# Commutative Algebra/Noether's normalisation lemma

## Computational preparation

Lemma 23.1:

Let ${\displaystyle R}$ be a ring, and let ${\displaystyle f\in R[x_{1},\ldots ,x_{n}]}$ be a polynomial. Let ${\displaystyle N\in \mathbb {N} }$ be a number that is strictly larger than the degree of any monomial of ${\displaystyle f}$ (where the degree of an arbitrary monomial ${\displaystyle x_{1}^{k_{1}}x_{2}^{k_{2}}\cdots x_{n}^{k_{n}}}$ of ${\displaystyle f}$ is defined to be ${\displaystyle k_{1}+k_{2}+\cdots +k_{n}}$). Then the largest monomial (with respect to degree) of the polynomial

${\displaystyle g(x_{1},\ldots ,x_{n}):=f(x_{1}+x_{n}^{N^{n-1}},x_{2}+x_{n}^{N^{n-2}},\ldots ,x_{n-2}+x_{n}^{N^{2}},x_{n-1}+x_{n}^{N},x_{n})}$

has the form ${\displaystyle x_{n}^{m}}$ for a suitable ${\displaystyle m\in \mathbb {N} }$.

Proof:

Let ${\displaystyle x_{1}^{k_{1}}x_{2}^{k_{2}}\cdots x_{n}^{k_{n}}}$ be an arbitrary monomial of ${\displaystyle f}$. Inserting ${\displaystyle x_{1}+x_{n}^{N^{n-1}}}$ for ${\displaystyle x_{1}}$, ${\displaystyle x_{2}+x_{n}^{N^{n-2}}}$ for ${\displaystyle x_{2}}$ gives

${\displaystyle (x_{1}+x_{n}^{N^{n-1}})^{k_{1}}(x_{2}+x_{n}^{N^{n-2}})^{k_{2}}\cdots (x_{n-1}+x_{n}^{N})^{k_{n-1}}x_{n}^{k_{n}}}$.

This is a polynomial, and moreover, by definition ${\displaystyle g}$ consists of certain coefficients multiplied by polynomials of that form.

We want to find the largest coefficient of ${\displaystyle g}$. To do so, we first identify the largest monomial of

${\displaystyle (x_{1}+x_{n}^{N^{n-1}})^{k_{1}}(x_{2}+x_{n}^{N^{n-2}})^{k_{2}}\cdots (x_{n-1}+x_{n}^{N})^{k_{n-1}}x_{n}^{k_{n}}}$

by multiplying out; it turns out, that always choosing ${\displaystyle x_{n}^{N^{j}}}$ yields a strictly larger monomial than instead preferring the other variable ${\displaystyle x_{j}}$. Hence, the strictly largest monomial of that polynomial under consideration is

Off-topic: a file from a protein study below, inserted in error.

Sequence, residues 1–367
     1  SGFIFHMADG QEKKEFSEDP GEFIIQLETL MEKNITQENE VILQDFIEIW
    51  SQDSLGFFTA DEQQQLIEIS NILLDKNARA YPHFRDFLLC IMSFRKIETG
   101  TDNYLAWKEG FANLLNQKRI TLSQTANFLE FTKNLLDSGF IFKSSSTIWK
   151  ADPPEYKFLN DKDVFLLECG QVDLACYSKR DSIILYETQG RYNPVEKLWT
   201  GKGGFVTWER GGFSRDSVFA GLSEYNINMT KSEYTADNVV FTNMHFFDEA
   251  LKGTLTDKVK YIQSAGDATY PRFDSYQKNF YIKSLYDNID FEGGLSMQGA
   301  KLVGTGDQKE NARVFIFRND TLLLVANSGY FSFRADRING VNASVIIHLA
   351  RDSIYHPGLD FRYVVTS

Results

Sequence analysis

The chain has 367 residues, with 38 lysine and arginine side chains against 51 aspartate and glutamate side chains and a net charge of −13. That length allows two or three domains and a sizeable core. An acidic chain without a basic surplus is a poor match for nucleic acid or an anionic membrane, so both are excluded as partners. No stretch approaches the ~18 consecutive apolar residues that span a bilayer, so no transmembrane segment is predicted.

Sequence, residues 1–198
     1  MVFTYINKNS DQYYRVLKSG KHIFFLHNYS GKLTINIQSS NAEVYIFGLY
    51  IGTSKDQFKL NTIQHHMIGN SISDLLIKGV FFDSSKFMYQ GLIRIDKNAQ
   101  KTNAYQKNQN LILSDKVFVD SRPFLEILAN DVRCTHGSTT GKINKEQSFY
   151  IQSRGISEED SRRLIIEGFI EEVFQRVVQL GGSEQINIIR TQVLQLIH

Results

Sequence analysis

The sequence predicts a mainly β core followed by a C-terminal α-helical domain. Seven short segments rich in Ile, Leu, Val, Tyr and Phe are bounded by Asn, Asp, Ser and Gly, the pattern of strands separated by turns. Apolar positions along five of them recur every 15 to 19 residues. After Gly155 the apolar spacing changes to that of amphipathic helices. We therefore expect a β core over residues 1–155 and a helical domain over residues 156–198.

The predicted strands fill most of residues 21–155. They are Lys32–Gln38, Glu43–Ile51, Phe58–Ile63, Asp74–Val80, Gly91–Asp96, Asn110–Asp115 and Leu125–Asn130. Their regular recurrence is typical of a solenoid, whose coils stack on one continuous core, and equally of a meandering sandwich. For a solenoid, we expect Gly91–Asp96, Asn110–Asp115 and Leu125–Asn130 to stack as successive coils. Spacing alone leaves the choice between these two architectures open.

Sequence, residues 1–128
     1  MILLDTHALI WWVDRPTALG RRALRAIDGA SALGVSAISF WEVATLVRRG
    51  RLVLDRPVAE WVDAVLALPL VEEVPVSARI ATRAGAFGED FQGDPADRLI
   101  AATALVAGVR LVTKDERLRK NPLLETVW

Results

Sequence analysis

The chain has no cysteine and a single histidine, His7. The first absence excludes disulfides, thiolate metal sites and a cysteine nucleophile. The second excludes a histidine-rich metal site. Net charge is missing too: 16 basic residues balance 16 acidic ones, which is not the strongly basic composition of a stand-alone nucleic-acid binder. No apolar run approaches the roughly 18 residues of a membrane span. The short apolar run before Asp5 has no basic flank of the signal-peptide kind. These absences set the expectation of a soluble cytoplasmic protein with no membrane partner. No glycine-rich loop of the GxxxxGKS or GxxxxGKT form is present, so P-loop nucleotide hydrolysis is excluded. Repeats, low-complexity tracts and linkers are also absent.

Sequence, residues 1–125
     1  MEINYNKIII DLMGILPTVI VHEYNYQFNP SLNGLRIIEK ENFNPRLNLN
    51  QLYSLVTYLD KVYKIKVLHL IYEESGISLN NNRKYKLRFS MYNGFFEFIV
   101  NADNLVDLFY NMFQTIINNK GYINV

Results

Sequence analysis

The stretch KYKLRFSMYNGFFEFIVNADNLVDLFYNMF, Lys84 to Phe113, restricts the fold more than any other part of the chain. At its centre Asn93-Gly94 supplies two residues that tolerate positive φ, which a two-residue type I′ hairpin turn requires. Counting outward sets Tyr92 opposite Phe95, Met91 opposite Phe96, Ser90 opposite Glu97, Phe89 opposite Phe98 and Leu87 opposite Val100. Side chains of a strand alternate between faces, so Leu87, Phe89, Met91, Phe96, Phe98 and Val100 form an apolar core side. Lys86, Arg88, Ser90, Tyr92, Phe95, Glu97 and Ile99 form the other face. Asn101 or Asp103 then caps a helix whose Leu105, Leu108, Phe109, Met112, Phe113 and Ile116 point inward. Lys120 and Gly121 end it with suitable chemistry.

${\displaystyle (x_{n}^{N^{n-1}})^{k_{1}}(x_{n}^{N^{n-2}})^{k_{2}}\cdots (x_{n}^{N})^{k_{n-1}}x_{n}^{k_{n}}=x_{n}^{k_{1}N^{n-1}+k_{2}N^{n-2}+\cdots +k_{n-1}N+k_{n}}}$.

Now ${\displaystyle N}$ is larger than all the ${\displaystyle k_{j}}$ involved here, since it's even larger than the degree of any monomial of ${\displaystyle f}$. Therefore, for ${\displaystyle (k_{1},\ldots ,k_{n})}$ coming from monomials of ${\displaystyle f}$, the numbers

${\displaystyle k_{1}N^{n-1}+k_{2}N^{n-2}+\cdots +k_{n-1}N+k_{n}}$

represent numbers in the number system base ${\displaystyle N}$. In particular, no two of them are equal for distinct ${\displaystyle (k_{1},\ldots ,k_{n})}$, since numbers of base ${\displaystyle N}$ must have same ${\displaystyle N}$-cimal places to be equal. Hence, there is a largest of them, call it ${\displaystyle m_{1}N^{n-1}+m_{2}N^{n-2}+\cdots +m_{n-1}N+m_{n}}$. The largest monomial of

${\displaystyle (x_{1}+x_{n}^{N^{n-1}})^{m_{1}}(x_{2}+x_{n}^{N^{n-2}})^{m_{2}}\cdots (x_{n-1}+x_{n}^{N})^{m_{n-1}}x_{n}^{m_{n}}}$

is then

${\displaystyle x_{n}^{m_{1}N^{n-1}+m_{2}N^{n-2}+\cdots +m_{n-1}N+m_{n}}}$;

its size dominates certainly all monomials coming from the monomial of ${\displaystyle f}$ with powers ${\displaystyle (m_{1},\ldots ,m_{n})}$, and by choice it also dominates the largest monomial of any polynomials generated by any other monomial of ${\displaystyle f}$. Hence, it is the largest monomial of ${\displaystyle g}$ measured by degree, and it has the desired form.${\displaystyle \Box }$

## Algebraic independence in algebras

A notion well-known in the theory of fields extends to algebras.

Theorem 23.2:

Let ${\displaystyle R}$ be a ring and ${\displaystyle A}$ an ${\displaystyle R}$-algebra. Elements ${\displaystyle a_{1},\ldots ,a_{n}}$ in ${\displaystyle A}$ are called algebraically independent over ${\displaystyle R}$ iff there does not exist a polynomial ${\displaystyle p\in R[x_{1},\ldots ,x_{n}]}$ such that ${\displaystyle p(a_{1},\ldots ,a_{n})=0}$ (where the polynomial is evaluated as explained in chapter 21).

## The theorem

Theorem 23.3 (Noether's normalisation lemma):

Let ${\displaystyle D}$ be an integral domain, and let ${\displaystyle E\supseteq D}$ be a ring extension of ${\displaystyle D}$ that is finitely generated as a ${\displaystyle D}$-module; in particular, ${\displaystyle E}$ is a ${\displaystyle D}$-algebra, where the algebra operations are induced by the ring operations. Then we may pick a ${\displaystyle d\in D}$ such that there exist ${\displaystyle c_{1},\ldots ,c_{n}\in E_{d}}$ (${\displaystyle E_{d}}$ denoting the localisation of ${\displaystyle E_{d}}$ at ${\displaystyle d}$) which are algebraically independent over ${\displaystyle E_{d}}$ as a ${\displaystyle D_{d}}$-algebra